by Terry Hansen Published 01/06/2006
I can hear the groans already. Terry Hansen banging on again about fill flash. Yes, I am and with every good reason. I am seeing far too much poor control of lighting both in the studio and on location. Here is a typical example and if you will permit my indulgence, I illustrate the topic with my own family portrait.
For years I have wanted a portrait with my wife Sue and my two daughters. This became more pressing when last summer my older daughter was emigrating to Florida to become a therapist at a boot camp in the middle of a swamp (it takes all sorts). I said to Sue that this summer is possibly the last time we will all be together until either the girls get married or either you or I die and we have a funeral and at that point one of us will not look our best. My younger daughter is a teacher on the south coast – as far away from me as she can get without emigrating. You would think that after all these years my children of 30 years and 25 years would co-operate in having a family portrait created, but no. I threatened, I cajoled, I begged. They sulked, locked themselves in their bedrooms and threatened to call Child Line. (Can you call Child Line when you are 30?) However, in the end they relented.
Anyway back to the family portrait. I wanted a large portrait with warm tones to match the decor in our lounge; even Max the golden retriever is colour coordinated. My first thought was going to some local sand dunes, but when walking Max close to home I came across a recently harvested field with stubble and bales of hay. Just the colours and tones I required.
A quick decision. Both girls were home at the same time, it was a fine day, a location that was just right. All we needed was someone to take the pictures. A phone-call to a nonphotographic friend to come walkies with us and take a set of pictures.
Off we went, found our location and the angle we wanted.
I was not too keen on the lighting, but not wanting to overburden our non-photographic friend we pressed on, she took some pictures as we posed. (It’s not easy holding your stomach in for several minutes at a time.) I checked the back of my Nikon D70 camera. The framing was not good, legs chopped off, etc. I zoomed the camera out a bit and asked our friend to make sure our feet were included as well as our heads.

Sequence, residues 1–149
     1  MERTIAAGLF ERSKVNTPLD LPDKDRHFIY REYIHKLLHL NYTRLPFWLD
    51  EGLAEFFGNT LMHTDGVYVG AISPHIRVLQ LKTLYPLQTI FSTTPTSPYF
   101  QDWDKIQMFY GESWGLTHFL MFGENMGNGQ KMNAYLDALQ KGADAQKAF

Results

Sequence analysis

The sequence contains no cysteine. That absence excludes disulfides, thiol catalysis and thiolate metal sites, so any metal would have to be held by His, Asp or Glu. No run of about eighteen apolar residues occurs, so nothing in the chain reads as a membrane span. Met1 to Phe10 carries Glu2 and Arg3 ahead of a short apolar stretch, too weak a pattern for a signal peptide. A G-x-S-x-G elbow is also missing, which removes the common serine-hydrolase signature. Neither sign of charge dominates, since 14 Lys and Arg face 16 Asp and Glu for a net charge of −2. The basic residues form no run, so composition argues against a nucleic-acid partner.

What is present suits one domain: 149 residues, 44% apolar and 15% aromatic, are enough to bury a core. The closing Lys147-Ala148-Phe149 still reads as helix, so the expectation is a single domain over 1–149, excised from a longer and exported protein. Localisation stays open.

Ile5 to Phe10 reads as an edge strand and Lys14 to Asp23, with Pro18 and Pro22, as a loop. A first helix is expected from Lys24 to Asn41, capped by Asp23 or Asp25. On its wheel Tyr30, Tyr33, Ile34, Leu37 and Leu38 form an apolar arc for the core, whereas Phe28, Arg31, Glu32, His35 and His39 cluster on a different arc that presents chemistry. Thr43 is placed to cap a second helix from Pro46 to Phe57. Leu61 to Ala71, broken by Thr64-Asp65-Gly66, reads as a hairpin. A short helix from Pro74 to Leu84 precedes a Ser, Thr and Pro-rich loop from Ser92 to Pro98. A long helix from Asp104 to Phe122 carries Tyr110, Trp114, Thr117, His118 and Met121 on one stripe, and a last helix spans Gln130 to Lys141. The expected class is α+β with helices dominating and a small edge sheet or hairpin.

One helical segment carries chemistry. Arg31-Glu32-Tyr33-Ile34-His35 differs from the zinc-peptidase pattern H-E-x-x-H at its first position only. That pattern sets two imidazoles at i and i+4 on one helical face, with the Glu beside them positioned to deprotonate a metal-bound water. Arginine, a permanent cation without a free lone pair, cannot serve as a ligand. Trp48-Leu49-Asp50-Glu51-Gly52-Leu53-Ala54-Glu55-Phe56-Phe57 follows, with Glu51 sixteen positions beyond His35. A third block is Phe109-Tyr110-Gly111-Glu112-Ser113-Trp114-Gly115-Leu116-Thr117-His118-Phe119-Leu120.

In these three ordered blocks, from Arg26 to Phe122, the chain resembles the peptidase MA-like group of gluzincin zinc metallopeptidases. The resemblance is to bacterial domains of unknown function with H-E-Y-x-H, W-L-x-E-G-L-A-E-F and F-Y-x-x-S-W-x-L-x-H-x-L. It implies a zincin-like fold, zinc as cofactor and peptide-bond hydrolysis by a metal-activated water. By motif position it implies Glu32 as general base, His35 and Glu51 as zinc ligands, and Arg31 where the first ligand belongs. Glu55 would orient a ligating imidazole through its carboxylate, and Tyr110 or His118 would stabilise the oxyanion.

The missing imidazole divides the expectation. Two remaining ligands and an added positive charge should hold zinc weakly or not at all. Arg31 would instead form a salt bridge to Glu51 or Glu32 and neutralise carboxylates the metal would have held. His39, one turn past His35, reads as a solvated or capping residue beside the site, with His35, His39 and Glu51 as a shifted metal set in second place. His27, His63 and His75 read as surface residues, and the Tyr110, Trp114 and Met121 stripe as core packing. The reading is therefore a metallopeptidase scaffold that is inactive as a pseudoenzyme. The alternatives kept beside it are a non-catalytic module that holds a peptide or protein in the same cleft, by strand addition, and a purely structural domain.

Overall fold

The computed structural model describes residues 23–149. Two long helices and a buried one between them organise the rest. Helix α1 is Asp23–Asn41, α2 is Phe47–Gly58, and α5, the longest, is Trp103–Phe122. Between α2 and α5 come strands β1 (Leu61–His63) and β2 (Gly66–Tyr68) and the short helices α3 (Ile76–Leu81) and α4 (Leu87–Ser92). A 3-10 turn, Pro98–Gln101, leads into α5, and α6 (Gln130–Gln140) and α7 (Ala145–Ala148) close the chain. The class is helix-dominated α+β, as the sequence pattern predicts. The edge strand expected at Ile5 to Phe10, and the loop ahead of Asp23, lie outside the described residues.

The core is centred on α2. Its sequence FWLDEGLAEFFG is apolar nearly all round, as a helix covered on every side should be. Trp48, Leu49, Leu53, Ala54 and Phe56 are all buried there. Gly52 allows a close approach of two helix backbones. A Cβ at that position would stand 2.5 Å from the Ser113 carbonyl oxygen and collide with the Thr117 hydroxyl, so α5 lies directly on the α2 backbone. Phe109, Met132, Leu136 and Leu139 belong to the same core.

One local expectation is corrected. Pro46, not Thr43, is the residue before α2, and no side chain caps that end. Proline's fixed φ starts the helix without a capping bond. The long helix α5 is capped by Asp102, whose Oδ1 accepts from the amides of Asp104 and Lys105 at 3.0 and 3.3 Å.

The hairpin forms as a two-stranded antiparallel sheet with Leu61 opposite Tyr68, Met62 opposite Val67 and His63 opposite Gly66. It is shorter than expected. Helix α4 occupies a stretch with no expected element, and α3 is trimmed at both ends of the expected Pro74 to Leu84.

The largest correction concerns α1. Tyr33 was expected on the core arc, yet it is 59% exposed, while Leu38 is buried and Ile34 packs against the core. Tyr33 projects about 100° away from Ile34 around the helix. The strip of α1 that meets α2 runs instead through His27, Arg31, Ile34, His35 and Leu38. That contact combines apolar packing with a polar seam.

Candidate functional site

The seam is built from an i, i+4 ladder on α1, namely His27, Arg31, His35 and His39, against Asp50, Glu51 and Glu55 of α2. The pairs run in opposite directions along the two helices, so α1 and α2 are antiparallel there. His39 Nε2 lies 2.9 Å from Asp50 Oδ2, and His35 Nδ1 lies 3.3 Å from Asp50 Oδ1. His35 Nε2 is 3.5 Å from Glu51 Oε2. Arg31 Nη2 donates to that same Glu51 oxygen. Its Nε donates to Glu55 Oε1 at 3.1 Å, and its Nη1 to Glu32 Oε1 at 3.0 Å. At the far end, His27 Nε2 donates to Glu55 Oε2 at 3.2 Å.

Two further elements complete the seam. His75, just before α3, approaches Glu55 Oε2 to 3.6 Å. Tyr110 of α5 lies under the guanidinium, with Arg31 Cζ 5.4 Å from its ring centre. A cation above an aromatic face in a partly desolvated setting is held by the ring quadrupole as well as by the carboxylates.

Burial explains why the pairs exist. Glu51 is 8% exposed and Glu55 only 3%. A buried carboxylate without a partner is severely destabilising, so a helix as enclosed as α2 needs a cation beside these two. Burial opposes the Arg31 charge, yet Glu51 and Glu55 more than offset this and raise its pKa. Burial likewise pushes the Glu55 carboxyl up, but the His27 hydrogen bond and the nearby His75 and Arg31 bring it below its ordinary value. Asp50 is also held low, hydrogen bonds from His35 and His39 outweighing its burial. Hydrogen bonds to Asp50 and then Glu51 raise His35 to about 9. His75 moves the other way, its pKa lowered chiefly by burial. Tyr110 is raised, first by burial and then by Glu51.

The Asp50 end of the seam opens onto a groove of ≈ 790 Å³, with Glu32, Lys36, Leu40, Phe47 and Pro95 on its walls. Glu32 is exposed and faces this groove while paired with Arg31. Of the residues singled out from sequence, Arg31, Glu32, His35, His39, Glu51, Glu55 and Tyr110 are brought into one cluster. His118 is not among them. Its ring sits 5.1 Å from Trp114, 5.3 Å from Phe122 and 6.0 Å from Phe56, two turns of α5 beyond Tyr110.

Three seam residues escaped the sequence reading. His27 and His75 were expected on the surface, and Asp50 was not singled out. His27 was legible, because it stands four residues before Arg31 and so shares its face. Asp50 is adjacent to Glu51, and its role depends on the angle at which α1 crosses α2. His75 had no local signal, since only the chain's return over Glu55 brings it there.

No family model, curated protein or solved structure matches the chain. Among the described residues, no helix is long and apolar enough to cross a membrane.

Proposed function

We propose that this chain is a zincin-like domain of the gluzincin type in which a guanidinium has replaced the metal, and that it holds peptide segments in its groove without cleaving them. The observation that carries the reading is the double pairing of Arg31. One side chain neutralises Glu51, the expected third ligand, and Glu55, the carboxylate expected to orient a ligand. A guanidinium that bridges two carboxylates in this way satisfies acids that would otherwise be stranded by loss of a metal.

Looking at the back of the camera, my thoughts about the lighting were confirmed. To get the angle we wanted, showing the sky, field and hay bale, meant the lighting was too much behind and to one side and the shadows were way too deep. Nothing else for it, we must use fill flash.
There was no way that a reflector could provide enough light over such a distance. I set the flash up, hung a power pack on our friend’s shoulder and crossed my fingers that it would not all get dropped in the mud. The results where superb.
When I downloaded onto my computer, the difference between the flashed and not flashed pictures were like chalk and cheese. We selected a flashed one, cropped it to about two-thirds of the file and upsized it in RAW, as I described in an earlier article, and made a print two feet by three. The quality is amazing and especially from a Nikon D70 that is, as the phrase goes, as cheap as chips.
Look at the two pictures. Wouldn’t you have the one with the flash? The other one is just a nonstarter. The control of lighting is as important in wedding photography as in environmental portrait photography and is a skill that has to be learned. Just because we have moved to digital, with increased automation, does not mean we can relax and let the equipment take the strain.
In fact, quite the reverse.
When we were shooting film we were spoiled by the latitude in exposure, so we got away with a small amount of inaccuracy in technique. However, with less forgiving digital we need to be far more accurate with our settings. This means a greater understanding of our equipment, but not necessarily a greater reliance on the automation available with through-the-lensmetering, TTL, E-TTL, etc. From my own observations, now backed up by research on the internet by very reliable sources, it is apparent that, despite the advances in automation and technology, the accuracy is not good enough, regardless of price, to rely solely on automation. The consensus of opinion seems to be that you are better turning the brain on, the automation off and working manually.
The camera/flash combo is too easily fooled by changes in subject matter. You will get a different amount of fill flash when photographing say, a groom and best man dressed in dark suits in a dark church doorway, than if you swap the men for a bride dressed in white in the same location.
The advice has to be to create your own table of exposure/distance measured by a flash meter, or by photographing an 18% grey card and checking the exposure by looking at the histogram on the back of the camera, or after downloading to your computer. Once you have created your table you will find that by using it and your brain far greater accuracy will follow.
This is obviously a big subject and I will return to it at a later date.
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